Over 110 of the films will have DIF release prints made available to theatres, festivals and special events. According to Dillmann, taking on the rights management for the German-speaking markets “contributes to preserving film as an important element of culture and making them publicly available.”
MEDIA Backs Euro Film Promo
European Film Promotion (EFP) can continue to count on funding from the MEDIA Programme of the European Union throughout 2011. This year alone, €480,000 and €766,000 have been set aside for activities inside and outside of Europe, respectively. The latter Film Sales Support (FSS) includes activities and sales company support at Sundance, Festival Internacional de Cine en Guadalajara and FILMART Hong Kong, along with film festivals in Shanghai, Toronto and Rio de Janeiro, the Asian Film Market in Pusan and American Film Market in Santa Monica.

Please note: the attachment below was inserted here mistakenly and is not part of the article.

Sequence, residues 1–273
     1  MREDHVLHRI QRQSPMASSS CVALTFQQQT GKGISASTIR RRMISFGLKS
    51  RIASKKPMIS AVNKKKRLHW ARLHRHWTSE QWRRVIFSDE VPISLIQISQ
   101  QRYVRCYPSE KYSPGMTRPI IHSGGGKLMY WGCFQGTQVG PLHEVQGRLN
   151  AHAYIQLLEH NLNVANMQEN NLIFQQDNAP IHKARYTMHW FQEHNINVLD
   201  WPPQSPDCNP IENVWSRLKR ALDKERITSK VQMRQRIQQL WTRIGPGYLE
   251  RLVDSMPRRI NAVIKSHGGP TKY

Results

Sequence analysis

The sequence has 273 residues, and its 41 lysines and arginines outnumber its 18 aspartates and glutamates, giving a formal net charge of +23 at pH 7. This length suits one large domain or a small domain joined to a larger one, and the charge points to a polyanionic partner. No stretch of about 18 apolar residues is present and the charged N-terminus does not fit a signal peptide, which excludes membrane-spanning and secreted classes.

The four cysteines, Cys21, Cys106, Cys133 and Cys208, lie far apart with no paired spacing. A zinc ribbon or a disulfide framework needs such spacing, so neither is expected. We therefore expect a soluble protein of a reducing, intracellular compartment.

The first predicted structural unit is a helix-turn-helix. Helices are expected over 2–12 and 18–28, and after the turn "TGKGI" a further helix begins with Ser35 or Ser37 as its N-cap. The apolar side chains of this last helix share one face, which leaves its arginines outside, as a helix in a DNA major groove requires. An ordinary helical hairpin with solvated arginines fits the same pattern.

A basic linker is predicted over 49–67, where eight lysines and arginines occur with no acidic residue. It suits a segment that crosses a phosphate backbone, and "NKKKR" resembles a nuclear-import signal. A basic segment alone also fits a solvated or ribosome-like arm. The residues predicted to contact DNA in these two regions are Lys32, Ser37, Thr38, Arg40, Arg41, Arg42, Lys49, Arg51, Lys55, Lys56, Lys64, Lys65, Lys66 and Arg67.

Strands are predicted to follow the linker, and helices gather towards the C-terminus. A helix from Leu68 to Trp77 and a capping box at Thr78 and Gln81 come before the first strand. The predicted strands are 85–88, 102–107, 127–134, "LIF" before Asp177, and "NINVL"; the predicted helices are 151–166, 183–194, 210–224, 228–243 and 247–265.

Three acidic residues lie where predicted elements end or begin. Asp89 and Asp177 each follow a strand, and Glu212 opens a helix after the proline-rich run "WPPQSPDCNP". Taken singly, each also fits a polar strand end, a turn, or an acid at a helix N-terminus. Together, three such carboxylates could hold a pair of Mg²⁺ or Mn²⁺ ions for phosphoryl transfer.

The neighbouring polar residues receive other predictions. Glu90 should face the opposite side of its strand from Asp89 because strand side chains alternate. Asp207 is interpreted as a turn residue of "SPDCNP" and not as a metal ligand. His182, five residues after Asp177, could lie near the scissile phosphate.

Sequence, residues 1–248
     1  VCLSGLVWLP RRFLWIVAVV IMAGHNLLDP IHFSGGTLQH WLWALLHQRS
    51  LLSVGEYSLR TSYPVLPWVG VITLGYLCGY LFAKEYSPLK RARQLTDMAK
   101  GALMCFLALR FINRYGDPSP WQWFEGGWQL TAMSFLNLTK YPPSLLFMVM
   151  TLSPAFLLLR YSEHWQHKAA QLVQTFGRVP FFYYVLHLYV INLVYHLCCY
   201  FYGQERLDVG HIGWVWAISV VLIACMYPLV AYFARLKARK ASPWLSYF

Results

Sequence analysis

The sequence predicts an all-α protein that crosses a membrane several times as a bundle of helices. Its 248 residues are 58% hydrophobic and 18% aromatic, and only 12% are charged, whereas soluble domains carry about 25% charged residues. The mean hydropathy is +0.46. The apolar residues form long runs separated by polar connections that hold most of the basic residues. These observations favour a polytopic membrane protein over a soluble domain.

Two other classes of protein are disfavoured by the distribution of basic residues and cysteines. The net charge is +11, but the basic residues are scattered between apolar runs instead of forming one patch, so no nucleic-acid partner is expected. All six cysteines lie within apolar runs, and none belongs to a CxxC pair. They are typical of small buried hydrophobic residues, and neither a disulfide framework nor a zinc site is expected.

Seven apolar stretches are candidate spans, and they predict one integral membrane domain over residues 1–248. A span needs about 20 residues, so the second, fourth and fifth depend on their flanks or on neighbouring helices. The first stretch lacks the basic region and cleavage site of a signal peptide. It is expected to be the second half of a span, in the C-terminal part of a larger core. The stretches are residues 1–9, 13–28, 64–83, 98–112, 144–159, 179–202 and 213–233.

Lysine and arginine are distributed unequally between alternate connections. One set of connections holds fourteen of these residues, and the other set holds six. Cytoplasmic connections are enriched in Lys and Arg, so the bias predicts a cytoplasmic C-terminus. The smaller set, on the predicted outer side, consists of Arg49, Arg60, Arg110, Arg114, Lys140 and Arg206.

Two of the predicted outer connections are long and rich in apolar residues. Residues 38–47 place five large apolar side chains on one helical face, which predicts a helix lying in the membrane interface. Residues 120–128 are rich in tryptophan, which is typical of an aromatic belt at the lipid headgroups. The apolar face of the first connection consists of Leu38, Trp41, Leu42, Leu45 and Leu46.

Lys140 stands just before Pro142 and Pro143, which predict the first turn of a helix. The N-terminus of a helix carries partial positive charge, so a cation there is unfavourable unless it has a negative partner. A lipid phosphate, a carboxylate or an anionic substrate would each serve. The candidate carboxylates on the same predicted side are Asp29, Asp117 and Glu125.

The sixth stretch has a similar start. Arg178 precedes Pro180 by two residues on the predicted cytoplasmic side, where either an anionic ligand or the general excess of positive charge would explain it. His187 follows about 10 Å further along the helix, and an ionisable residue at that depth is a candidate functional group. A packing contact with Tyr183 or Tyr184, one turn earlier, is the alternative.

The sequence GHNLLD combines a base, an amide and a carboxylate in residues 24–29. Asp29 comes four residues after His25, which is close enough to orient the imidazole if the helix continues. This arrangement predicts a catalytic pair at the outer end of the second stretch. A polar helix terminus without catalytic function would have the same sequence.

EFP industry screenings in the U.S. are complemented by the organization’s European activities, such as “Shooting Stars” (Berlin International Film Festival), “Producers on the Move” (Cannes) and “European Distributors: Up Next!” (San Sebastian). “We believe that all of these efforts will go far in improving the conditions for European film and European filmmakers worldwide,” commented EFP’s Hamburg, Germany-based managing director Renate Rose.
Honors for European Films
Italy’s Foreign Language Oscar-submission Gomorra may have swept the 21st European Film Awards in Copenhagen with five honors, including film, director and screenplay, but the choices of critics and public were different. While the International Federation of Film Critics, FIPRESCI, voted for Abdellatif Kechiche and The Secret of the Grain (La graine et le mulet), the public cast its spell on Harry Potter and the Order of the Phoenix. The European Film Academy bestowed its Lifetime Achievement Award on Dame Judi Dench and lauded Dogme founders Søren Kragh-Jacobsen, Kristian Levring, Lars von Trier and Thomas Vinterberg for their Achievement in World Cinema.